NHSPS put itself back in the spotlight recently, by announcing its intention to increase service charges and facilities charges for GP practices who request changes associated with Covid-19. This will undoubtedly add fuel to the many ongoing disputes over demands for increased service charges. The vast majority of our GP clients who occupy NHSPS owned and managed buildings have been living with a stalemate for the last couple of years, which is causing a variety of problems as time marches on.
The DHSC recently published its review into the current state of NHSPS. You can read the summary here and in this blog, we look at what the recommendations might mean for practices occupying NHSPS buildings.
- For readers who have been hoping that NHSPS would just go away, I’m afraid that won’t be happening anytime soon! There was found to be no benefit in divesting NHSPS of its functions, but rather a recommendation that it align itself more closely to the commissioner footprint and work more closely with NHSE. Having your commissioner and your landlord work more closely together could work either way for practices. One possibility would be that NHSE, as the ultimate funder, agrees to pick up a greater share of the disputed costs. Perhaps more likely though, is that NHSPS and NHSE will put increased pressure on practices to ‘pay up’ by turning the tenancy dispute into a GMS/PMS contractual dispute. This is one to watch carefully.
- NHSPS have been told (again) to regularise all their tenancies. This means that the pressure on GP tenants to sign up to leases will continue, but unless there is a resolution to the service charges issues most practices will continue to be reluctant to sign anything.
- The DHSC recommends that NHSPS “must make progress in customer sectors not currently engaged and ensure that agreement of FM-service and specifications, utilities and management charges are also covered”. In other words, the issues around increased service and facilities charges must be sorted out.
Readers may be aware of the ongoing High Court test case brought by the BMA on behalf of 5 GP Practices to challenge the legitimacy of some of the claimed charges. Whilst this has probably temporarily chilled NHSPS’s enthusiasm for chasing ‘arrears’, and some Practices may also have paused the process for reaching agreement on claimed charges pending the outcome of this test case, the case is unlikely to resolve soon.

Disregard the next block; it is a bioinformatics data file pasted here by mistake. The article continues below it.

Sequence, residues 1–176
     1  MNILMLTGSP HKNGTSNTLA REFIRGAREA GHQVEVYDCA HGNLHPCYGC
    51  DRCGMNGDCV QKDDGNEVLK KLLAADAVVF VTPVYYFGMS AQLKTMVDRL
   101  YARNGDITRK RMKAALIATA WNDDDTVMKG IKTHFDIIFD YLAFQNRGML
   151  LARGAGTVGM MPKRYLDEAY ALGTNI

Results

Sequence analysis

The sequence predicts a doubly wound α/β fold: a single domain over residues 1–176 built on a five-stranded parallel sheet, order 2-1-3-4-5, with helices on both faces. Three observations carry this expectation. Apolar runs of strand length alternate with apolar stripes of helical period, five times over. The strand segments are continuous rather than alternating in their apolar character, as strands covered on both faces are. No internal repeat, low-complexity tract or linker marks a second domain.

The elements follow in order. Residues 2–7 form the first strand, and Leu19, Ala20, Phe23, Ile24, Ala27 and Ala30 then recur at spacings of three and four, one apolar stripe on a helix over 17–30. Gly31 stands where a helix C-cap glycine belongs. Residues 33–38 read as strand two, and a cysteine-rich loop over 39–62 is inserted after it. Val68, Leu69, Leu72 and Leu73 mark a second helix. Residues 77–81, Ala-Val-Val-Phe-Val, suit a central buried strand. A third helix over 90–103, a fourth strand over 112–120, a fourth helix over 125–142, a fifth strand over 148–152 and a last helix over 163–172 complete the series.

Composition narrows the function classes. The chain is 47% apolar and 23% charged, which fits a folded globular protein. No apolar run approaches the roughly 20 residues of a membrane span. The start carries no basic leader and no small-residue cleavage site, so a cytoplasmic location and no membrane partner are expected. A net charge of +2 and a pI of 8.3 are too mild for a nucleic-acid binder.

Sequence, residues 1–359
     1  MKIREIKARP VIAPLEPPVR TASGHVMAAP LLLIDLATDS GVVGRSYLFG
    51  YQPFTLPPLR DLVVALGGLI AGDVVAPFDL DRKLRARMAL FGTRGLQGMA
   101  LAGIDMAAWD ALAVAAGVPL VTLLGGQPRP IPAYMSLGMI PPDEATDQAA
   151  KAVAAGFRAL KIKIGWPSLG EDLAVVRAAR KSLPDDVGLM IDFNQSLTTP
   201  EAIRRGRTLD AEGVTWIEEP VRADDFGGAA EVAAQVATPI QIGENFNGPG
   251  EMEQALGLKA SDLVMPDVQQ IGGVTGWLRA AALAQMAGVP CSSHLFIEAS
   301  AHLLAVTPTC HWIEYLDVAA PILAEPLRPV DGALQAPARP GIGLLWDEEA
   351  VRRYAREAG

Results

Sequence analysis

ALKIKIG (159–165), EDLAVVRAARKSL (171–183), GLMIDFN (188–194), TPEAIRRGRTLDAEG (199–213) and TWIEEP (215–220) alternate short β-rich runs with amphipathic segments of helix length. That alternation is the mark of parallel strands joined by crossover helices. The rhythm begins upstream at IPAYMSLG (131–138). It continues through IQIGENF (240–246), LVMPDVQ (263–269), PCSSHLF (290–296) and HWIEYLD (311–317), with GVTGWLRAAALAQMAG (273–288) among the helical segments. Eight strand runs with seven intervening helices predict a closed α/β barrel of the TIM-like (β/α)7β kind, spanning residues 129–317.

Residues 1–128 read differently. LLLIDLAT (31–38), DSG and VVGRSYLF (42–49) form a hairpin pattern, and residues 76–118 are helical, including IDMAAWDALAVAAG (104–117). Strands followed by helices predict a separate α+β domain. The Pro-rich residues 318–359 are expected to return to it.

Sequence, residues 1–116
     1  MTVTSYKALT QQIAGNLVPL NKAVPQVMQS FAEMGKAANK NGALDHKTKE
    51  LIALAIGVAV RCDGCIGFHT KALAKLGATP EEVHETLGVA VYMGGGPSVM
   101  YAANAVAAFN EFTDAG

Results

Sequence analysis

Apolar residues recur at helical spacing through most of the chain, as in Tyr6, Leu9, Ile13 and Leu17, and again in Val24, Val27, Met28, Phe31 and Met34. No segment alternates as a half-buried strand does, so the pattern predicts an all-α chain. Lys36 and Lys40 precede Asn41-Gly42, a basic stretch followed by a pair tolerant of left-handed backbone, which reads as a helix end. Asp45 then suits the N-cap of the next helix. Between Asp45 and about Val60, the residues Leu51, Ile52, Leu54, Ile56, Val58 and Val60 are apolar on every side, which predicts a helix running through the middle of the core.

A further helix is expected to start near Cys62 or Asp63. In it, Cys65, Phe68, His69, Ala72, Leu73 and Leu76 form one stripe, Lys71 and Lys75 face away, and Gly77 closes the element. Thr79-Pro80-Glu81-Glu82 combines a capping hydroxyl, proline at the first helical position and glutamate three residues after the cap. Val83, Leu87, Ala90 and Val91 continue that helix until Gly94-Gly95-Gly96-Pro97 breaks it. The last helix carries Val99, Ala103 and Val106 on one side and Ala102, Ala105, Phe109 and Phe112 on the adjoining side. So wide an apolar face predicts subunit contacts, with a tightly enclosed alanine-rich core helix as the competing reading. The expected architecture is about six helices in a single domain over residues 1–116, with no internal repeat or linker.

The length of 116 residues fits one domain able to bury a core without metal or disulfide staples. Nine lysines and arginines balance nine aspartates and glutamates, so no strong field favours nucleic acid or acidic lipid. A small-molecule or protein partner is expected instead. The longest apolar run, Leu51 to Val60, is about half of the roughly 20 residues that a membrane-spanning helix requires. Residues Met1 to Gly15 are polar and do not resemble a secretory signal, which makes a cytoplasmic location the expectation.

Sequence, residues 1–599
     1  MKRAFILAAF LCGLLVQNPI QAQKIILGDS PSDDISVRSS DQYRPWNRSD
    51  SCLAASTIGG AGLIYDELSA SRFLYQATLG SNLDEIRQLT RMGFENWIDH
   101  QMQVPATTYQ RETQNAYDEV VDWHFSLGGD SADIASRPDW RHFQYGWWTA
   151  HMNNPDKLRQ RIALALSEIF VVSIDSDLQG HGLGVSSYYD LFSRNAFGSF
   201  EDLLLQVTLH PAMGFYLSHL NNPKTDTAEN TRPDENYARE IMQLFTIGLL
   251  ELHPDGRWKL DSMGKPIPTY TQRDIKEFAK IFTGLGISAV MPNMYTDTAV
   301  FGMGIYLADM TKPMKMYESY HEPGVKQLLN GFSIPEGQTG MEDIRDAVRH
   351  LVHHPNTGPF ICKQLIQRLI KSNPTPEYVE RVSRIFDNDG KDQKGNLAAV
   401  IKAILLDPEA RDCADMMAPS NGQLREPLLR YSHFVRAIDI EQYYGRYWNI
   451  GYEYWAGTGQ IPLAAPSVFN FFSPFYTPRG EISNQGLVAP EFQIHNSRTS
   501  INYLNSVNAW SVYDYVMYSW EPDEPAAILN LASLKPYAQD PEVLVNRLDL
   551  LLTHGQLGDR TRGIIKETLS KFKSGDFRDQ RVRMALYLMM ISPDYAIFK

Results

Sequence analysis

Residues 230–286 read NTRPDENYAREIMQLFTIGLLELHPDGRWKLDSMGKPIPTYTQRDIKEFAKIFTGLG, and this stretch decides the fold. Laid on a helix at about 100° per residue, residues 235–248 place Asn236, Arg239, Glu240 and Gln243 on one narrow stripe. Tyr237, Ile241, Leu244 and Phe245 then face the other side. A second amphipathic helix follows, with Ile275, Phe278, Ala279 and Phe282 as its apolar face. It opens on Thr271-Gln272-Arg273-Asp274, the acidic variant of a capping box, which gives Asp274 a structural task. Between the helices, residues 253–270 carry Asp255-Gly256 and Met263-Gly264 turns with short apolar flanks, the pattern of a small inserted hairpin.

The problem for practices though, is what to do about the large NHSPS liabilities now sitting on their balance sheets? As partners come and go this liability becomes a larger share of their capital accounts. We are seeing retiring partners ask why should they leave their capital behind for a liability that no-one believes is really owed? Practices should check to ensure that this question is fully addressed in their Partnership Deed, or alternatively create a separate agreement with retiring partners.
- Potentially the most significant recommendation is ‘to explore & implement changes to the funding mechanism where it will not fundamentally undermine the user-pays model, including central funding of management fees, elements of structural and external maintenance and greater use of direct payment of property costs by commissioners‘. This suggests that there may be opportunities for doing deals where the commissioner pays some or all of the service charges – both historic and possibly ongoing – as a means of breaking the deadlock.
Whilst the offer of somebody discharging your historic service charge liability (and possibly some of the future costs) might be tempting, it is likely that it will come with the strings attached including that you sign up to a new lease. We are very wary of the small print on this one!
So, has our advice to affected clients changed? In short, no. Practices should normally only sign up to a new lease once they are happy with the terms and once any historic service charge issues have been resolved. Even then, Practices need to understand their current legal position as regards their occupation of the premises before being able to make an informed decision about what does and does not constitute a ‘good deal’. This is a complex area and one with lasting financial implications for the sustainability of the practice.
When you are ready to start negotiating with NHSPS we strongly advise you seek specialist legal advice, but in the meantime, practices should agree and document how they will deal with the claimed service charge liabilities as the partnership changes over time.
We have a team of specialist property and partnership solicitors who all have deep expertise in advising primary care professionals on their premises issues. If you would like to speak to one of the team, please call Daphne Robertson on 01483 511555 or email firstname.lastname@example.org
PCNs were set up at great speed last year. They were usually established as a cost-sharing arrangement between practices that had signed the PCN DES. This has worked well but problems are beginning to emerge as PCNs gain scale. This video blog examines the various emerging issues, and explains how incorporating a PCN can address many of them. It also explains the steps you will need to take to incorporate your PCN.
There are currently very few incorporated PCNs, but many of our PCN clients see this as a logical next step in their development. Watch this vBlog to understand why.